Only about 1,000 of the country's more than 17,500 museums have achieved AAM accreditation. "It puts us into the highest echelon of museums in the country," she said.
Other Tampa Bay area museums with the accreditation include the Florida Holocaust Museum, the Henry B. Plant Museum, the Museum of Fine Arts St. Petersburg, the Museum of Science and Industry, Salvador Dalí Museum, Tampa Museum of Art and the University of South Florida Contemporary Art Museum. The museum is open daily except Mondays and major holidays. For more information, visit spcollege.edu/museum or call (727) 712-5225.
Pinellas employees donate bikes for kids
Pinellas County employees rolled 43 new bicycles along the halls and down the stairs of the County Courthouse in Clearwater on Friday morning. The bikes were loaded onto Mosquito Control trucks and taken to the Pinellas County Health and Community Services offices in St. Petersburg and Clearwater.
They will go to preapproved families that are clients of the county's Health and Community Services department so that their children will have gleaming new bicycles this holiday season.
Now in its 27th year, the bicycle drive is a team project. County employees from 16 departments donated money throughout the year to go toward the purchase of the bicycles and helmets.
County employees also donated items to fulfill wish lists offered to eligible clients of Pinellas County Health and Community Services. The wish lists included personal products, household goods and linens.
For more information on Pinellas County services and programs, visit www.pinellascounty.org or create a shortcut to www.pinellascounty.org/mobile on any smartphone. Pinellas County government is also on Facebook, Twitter and YouTube.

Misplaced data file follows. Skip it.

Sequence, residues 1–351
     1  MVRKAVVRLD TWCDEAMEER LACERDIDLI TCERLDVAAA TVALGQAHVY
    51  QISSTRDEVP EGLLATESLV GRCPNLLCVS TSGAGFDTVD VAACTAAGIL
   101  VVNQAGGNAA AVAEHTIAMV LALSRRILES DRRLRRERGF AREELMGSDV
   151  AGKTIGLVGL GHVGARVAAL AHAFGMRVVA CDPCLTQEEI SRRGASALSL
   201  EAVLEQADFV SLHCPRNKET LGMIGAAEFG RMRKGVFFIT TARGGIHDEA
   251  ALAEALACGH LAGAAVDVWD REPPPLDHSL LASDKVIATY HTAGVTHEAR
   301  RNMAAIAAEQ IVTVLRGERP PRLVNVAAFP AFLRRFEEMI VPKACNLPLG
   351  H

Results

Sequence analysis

PSTA ridership sees increase over last year
Pinellas County's transit agency saw strong gains in weekday ridership last month compared to November 2012.
The Pinellas Suncoast Transit Authority provided an average of 46,765 rides every weekday in November 2013, which is a 2.3 percent increase over the same month last year.
The total ridership was PSTA's second highest ever for the month of November. More than 1.14 million rides were provided, continuing strong ridership trends posted by the agency over the past several years.
Leaders say that without costly onboard surveys it's hard to know exactly why more people are riding. However, they say that lower unemployment rates and the improving economy are likely contributing factors.
Cops shop for kids' gifts
Clearwater police officers, detectives and other staff went shopping at Target in Clearwater Mall Friday morning with $4,200 from Nedra and O'Neal Larkin to buy presents for about 500 kids. The gifts will be handed out Dec. 22. The department is accepting gifts for the cause at the main station until Dec. 20. Cops for the Cause, the Fraternal Order of Police and Clearwater Neighborhood Housing Inc., and Target provided donations.